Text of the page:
You Need to Play Limbo
I haven’t written about many downloadable titles, despite having purchased dozens. I’m sure exactly why that is, but Limbo is just too great of an experience for me to let slip by without a mention. With a complete lack of colour in its bleak visual style, no music to be heard, and no weapons to wield. It’s quite possibly the simplest game from top to bottom, when you step back and really look at it. But that’s not to say there isn’t much of a game here. For Limbo is a game I will remember for years to come, I have no doubt.
At its core, Limbo is a 2D puzzle-based platforming game. It’s the story of a boy who enters Limbo in search of his sister, but without the story. I’m not sure where I picked that bit of info up, but it’s not from the game. It starts in an eerie forest, with the boy laying face up in the grass. You press a button to wake him, he slowly raises to his feet, and you’re off. What you’re doing, where you’re going, and why you’re there in the first place is left untold. There are no words to be read or heard from beginning to end. It’s simply a dark adventure, through a world that is adamant on ending your life.
The atmosphere portrayed by the visuals and sheer lack of music, sets a tone that will surely leave you feeling uneasy. The only sounds you’ll hear are your impending doom – a bear trap snapping you into pieces, or a boulder hurling down a slope towards you, or a giant circular saw blade screaming as it inches in your direction. When there is sound, you almost wish for silence.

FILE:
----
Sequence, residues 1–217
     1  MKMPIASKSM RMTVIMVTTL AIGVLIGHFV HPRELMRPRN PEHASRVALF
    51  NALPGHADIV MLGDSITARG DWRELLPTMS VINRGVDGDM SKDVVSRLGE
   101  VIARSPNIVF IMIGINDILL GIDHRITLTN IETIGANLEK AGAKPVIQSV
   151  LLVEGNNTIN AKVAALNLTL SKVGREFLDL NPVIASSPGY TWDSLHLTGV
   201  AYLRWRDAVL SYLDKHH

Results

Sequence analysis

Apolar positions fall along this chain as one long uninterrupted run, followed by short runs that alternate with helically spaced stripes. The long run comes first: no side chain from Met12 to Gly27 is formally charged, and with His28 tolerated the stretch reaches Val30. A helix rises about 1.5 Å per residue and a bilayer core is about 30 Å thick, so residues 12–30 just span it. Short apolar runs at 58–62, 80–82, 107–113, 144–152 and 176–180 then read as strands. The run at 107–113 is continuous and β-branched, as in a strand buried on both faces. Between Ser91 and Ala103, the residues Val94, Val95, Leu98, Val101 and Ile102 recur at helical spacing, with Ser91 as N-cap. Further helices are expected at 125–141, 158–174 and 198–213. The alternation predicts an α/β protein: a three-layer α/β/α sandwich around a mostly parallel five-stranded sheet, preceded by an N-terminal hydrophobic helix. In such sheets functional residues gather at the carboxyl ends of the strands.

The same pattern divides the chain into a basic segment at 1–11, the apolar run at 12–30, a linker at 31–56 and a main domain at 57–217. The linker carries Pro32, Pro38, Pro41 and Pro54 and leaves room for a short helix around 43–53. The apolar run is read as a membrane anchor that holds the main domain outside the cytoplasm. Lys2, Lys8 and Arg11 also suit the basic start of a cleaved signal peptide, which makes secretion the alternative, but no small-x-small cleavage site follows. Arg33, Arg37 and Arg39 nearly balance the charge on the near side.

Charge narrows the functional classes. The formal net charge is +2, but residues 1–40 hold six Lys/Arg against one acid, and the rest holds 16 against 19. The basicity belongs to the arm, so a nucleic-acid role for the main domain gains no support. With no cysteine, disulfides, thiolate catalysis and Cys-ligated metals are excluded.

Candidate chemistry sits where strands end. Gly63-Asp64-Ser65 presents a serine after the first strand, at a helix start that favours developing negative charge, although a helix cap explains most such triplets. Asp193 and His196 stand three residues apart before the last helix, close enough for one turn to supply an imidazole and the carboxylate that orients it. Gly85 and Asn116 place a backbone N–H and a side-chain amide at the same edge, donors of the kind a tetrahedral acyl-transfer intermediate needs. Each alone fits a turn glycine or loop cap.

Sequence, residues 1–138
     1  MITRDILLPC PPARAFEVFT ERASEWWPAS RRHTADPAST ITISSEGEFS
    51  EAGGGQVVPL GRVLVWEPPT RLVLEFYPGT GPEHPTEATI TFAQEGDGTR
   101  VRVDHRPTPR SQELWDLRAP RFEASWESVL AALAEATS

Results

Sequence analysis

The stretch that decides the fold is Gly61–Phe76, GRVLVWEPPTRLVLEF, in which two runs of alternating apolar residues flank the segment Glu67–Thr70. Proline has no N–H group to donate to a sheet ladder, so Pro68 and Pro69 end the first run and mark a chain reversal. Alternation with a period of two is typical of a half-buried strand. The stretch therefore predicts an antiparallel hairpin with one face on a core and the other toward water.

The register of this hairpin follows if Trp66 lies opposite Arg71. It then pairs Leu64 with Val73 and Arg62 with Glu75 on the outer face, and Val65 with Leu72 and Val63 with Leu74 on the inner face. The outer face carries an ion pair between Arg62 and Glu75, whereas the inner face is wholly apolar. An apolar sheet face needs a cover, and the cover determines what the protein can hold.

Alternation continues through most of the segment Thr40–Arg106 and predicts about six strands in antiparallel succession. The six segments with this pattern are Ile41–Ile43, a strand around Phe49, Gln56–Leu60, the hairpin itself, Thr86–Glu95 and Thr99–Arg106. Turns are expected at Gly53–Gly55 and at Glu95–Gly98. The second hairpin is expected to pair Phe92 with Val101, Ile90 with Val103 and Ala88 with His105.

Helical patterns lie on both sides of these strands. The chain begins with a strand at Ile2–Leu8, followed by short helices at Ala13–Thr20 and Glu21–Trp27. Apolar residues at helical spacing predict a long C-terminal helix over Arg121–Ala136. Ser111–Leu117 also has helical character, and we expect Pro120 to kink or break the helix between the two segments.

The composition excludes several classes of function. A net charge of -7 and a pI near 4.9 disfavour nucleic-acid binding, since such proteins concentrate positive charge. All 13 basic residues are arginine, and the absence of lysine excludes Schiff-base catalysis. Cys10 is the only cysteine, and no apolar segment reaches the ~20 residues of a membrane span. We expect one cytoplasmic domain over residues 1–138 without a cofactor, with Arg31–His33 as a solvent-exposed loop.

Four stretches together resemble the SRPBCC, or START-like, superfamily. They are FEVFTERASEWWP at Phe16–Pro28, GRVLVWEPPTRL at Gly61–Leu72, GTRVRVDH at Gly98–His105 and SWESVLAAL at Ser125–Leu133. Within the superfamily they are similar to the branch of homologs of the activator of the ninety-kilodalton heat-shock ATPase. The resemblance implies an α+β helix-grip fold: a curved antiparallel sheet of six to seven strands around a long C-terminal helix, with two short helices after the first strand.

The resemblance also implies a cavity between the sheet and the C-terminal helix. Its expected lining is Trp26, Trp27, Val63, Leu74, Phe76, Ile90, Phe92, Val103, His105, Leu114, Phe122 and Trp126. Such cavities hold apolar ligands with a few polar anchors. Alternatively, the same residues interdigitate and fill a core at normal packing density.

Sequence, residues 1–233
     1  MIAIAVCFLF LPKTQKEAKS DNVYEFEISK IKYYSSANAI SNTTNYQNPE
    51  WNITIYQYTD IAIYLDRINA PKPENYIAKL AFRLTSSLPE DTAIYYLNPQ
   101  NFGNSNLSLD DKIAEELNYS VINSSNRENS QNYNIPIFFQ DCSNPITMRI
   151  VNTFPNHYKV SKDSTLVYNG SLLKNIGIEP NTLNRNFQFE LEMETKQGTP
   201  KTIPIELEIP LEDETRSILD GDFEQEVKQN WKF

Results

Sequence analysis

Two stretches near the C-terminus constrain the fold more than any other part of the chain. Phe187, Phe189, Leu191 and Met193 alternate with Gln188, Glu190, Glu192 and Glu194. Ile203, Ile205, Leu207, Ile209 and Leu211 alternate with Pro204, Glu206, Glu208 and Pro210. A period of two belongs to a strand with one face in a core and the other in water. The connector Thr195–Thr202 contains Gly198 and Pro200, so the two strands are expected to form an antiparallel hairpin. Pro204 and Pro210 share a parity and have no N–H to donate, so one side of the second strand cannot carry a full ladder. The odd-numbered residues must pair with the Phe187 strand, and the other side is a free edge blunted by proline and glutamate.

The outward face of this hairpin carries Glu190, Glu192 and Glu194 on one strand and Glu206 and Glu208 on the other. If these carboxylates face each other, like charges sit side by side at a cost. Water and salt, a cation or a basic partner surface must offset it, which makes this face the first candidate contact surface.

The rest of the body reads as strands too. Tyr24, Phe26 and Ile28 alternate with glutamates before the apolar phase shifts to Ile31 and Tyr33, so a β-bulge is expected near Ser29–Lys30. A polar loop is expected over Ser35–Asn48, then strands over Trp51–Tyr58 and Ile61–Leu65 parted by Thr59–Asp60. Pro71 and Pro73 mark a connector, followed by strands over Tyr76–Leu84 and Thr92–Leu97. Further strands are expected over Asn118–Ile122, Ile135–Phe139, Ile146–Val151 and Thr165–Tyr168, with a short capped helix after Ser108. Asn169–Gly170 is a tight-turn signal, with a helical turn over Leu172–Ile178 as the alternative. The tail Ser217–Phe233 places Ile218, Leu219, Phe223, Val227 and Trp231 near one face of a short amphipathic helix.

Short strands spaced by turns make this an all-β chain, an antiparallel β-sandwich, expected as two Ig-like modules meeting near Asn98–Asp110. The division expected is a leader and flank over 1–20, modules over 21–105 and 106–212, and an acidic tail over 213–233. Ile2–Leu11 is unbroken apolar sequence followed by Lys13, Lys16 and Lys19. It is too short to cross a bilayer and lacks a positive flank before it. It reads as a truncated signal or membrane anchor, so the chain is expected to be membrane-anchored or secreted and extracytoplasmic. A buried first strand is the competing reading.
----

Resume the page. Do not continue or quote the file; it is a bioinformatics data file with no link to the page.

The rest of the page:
Challenging, to Say the Least
While simple is the theme that drives nearly every aspect of Limbo, it’s a tough little game. Many obstacles are impossible to avoid during your first play through, and some of the puzzles later in the game will make your head hurt. Not to the extent of last summer’s sleeper hit, Braid. But pretty close! The nature of the puzzles changes from chapter to chapter, and get progressively more difficult. It starts out with basic platforming, then water, electricity, magnetism, and gravity are eased in.
Of the 12 Achievements that comprise the 200 points, 10 of them are for finding hidden glowing eggs. The first couple are pretty easy to locate, but some are way out of the way, and very well placed. Thankfully, they’re only worth 5 or 10 points each, and there’s a big 100 point Achievement in store when you complete the game. The remaining 10 points are an Achievement called “No Point in Dying”, which is awarded for completing the game in one sitting, dying no more than 5 times. I’m not even going to attempt this.
Do Yourself a Favour
Simply put, Limbo is a simplistic masterpiece that will give you something to talk about, and think about long after the credits have rolled. Every aspect of the game is carefully crafted to perfection and bundled up into a nice little package unlike anything else you’ve experienced. It’s under $20, and can be completed in about 3-4 hours, but will be included among this year’s heavy hitters in many “top games of 2010” lists, I assure you. Limbo, is a fantastic gaming experience!